Album: Man Throughout the Ages
Style: Ambient Electro-Pop
Similar Bands: Stereolab, Belle & Sebastian, Camera Obscura, Ambient Brian Eno
"One-Word" Review: Moog Pop
Based Out Of: Brooklyn, NY
Label: Memphis Industries
Man Throughout the Ages - Cover, Record, Mail In FormMan Throughout the Ages - Cover, Record, Mail In Form
Man Throughout the Ages (2002)
- Man Throughout the Ages 2:18
- Even Little Stunts 3:59/
- Won't You Sing With Now I Know My 3:21
- Sea Chantey 4:39
Album Rating (1-10): 7.5
Members & Other Bands:
Noah Wall - Vox, Composer, Electronics, Guitar, Keyboard (Tall Firs)
Amy Jones - Vox (Tuffy)
Tim Barnes - Drums, Mastering (Silver Jews, Neil Michael Hagerty, Essex Green, Jim O'Rourke, Tower Recordings, Matt Valentine, Sonic Youth, Text of Light, Beth Orton, Wilco)
Ben Piekut - Pots & Pans
Guy - Mastering
Unknown-ness: I’ve never heard of this band. I do like the cardboard cover, and the imagery/artwork, so that was a nice start. Made in UK label does not mean much, but it feels exotic. It is only an EP, so not much of an effort to decipher. Overall, I was just interested in what this record had on it.
Album Review: Jukeboxer is basically just the name for Noah Wall, an extrodinary musician who can play many many instruments. One account said that he writes more in a classical structure than pop-song. Overall the songs feel earthy, yet electronic. Ambient, but full of direction. The vocals demand the listener’s attention.
“Man Throughout the Ages” starts out with a carousel style steel drum, and a fun, playful sing song melody. The female vocals begin, and are fey, polite, and acute. Tt sounds like something from Belle & Sebastian or Camera Obscura on the slower side. Or even Saturday Looks Good to me. The organ is very important to the song, tying it all together. There are male vocals layered below toward the end. The song just feels too short, but it is very precise.
“Even Little Stunts” feels like a chrismas carol in the beginning with sleighbell percussion. This quickly changes with the addition of electronic fuzz and grinding, screeching guitars full of feed back. The song restarts itself with a carousel organ melody, and what sound like a variety of bird chirps. The light, pretty female vocals, couples with the male vocals set back bring an elegance and direction to the melody, which is ever-evolving without the vocals. A chaotic arrangement of different sound effects are layered over and under the main driving rhythm of marching drums. The end of the song just features melodic feedback and the closing in march of percussion.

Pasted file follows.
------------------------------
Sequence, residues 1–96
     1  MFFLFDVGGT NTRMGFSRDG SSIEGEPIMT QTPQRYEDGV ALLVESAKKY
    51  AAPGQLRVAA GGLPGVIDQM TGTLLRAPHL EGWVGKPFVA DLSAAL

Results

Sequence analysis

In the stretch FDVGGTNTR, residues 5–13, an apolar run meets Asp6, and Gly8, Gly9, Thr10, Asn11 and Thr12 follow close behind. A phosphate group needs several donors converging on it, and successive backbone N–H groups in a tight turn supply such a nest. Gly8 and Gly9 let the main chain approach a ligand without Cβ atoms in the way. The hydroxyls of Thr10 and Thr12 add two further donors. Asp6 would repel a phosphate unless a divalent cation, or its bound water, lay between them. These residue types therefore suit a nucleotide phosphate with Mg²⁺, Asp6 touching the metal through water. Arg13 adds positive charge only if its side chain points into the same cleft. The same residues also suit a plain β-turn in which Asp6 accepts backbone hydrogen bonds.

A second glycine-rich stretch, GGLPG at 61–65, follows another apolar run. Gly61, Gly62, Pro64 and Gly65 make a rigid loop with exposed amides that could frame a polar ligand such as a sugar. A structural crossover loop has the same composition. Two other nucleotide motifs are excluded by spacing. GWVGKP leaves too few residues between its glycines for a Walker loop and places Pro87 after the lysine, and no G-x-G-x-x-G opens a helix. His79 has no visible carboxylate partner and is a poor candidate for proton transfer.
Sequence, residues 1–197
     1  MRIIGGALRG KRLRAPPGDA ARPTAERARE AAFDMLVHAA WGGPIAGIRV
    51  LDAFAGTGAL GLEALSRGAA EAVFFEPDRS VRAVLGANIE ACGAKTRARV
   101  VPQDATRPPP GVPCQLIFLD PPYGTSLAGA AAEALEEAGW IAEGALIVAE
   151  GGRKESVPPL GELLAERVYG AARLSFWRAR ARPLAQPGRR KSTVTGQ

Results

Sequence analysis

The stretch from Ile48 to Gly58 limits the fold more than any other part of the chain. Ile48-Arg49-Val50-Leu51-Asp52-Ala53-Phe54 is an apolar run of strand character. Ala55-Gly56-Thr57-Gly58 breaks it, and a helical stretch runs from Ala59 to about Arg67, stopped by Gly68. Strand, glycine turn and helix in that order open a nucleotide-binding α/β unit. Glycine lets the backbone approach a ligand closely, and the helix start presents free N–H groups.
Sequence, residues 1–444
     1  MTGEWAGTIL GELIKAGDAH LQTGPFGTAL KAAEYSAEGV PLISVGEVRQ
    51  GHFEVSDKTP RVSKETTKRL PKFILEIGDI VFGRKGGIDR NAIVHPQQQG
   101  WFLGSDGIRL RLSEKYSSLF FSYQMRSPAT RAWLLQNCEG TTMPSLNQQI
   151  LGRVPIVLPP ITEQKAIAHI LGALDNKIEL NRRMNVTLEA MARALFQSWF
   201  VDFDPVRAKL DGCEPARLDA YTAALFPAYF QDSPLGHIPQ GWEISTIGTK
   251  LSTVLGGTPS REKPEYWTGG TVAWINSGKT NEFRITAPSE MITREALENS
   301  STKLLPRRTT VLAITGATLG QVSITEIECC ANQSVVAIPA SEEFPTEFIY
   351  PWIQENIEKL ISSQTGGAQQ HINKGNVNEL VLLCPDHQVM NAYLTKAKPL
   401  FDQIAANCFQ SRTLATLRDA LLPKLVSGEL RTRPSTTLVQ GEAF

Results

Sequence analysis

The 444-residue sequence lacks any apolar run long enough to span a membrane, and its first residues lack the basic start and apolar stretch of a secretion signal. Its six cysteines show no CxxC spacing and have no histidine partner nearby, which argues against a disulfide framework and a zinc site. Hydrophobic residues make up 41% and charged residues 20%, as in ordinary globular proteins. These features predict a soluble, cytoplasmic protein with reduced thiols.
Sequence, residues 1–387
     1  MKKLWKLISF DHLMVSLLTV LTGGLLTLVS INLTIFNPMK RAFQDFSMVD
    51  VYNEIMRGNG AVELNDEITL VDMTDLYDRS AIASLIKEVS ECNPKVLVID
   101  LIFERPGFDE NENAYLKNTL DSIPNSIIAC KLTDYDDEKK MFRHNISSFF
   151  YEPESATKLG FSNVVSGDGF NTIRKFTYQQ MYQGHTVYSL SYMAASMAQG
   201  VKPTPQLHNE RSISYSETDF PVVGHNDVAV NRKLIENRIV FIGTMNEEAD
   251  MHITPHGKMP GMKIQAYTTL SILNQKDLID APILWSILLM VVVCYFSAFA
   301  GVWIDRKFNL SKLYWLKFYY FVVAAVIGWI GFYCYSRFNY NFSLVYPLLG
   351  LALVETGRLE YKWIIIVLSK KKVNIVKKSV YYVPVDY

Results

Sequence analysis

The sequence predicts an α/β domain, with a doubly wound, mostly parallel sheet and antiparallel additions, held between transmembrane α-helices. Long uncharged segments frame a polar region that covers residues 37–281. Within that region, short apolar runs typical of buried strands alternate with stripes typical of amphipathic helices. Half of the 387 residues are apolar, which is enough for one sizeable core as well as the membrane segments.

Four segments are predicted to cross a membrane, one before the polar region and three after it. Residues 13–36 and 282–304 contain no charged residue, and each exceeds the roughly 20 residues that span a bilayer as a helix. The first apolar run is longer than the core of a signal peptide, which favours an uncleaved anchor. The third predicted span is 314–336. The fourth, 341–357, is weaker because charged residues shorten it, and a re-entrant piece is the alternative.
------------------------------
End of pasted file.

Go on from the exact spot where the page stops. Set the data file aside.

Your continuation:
“Won't You Sing With Now I Know My” has echoing watery guitars like deep chimes in the begging. Following this up are moog-like electro notes ascending, then descending. A rattle symbolizes a radio station change, and the eerie female vocals begin. It still has a Belle & Sebastian feel to it, perhaps visualized through an Aphex Twin filter. The song finds its groove and becomes repetitive to the point of droning on, like a loop entrancing the listener. The song ends with an emphasis on the main hill/valley hook present in the song.
“Sea Chantey” starts with a ringing untuned guitar chord that is slowly strum. A general ambient ringing fades in and out, like a lighthouse beacon slowly rotating. The mood is sullen and dark: sad and brooding. Then out of the darkness comes an acoustic guitar bringing a warbley racket ball like effect in the background and the song takes shape and direction with a slightly upbeat melody. The darkness is still there in this instrumental. The bass line is perhaps the most interesting, and immediately catching element of the song, even after other Atari Break Out effects are added, it still stands to be reckoned with. Those elements fade, as if our boat has passed the lighthouse, and interesting town, and is now back out to sea. I’m just using the sea as a point of description because of the title, but the sounds, the now lonely ambient drips that sound like underwater whale dialogue, lend themselves to life on the sea.
Stand Out Track: Man Throughout the Ages
Noah Wall's page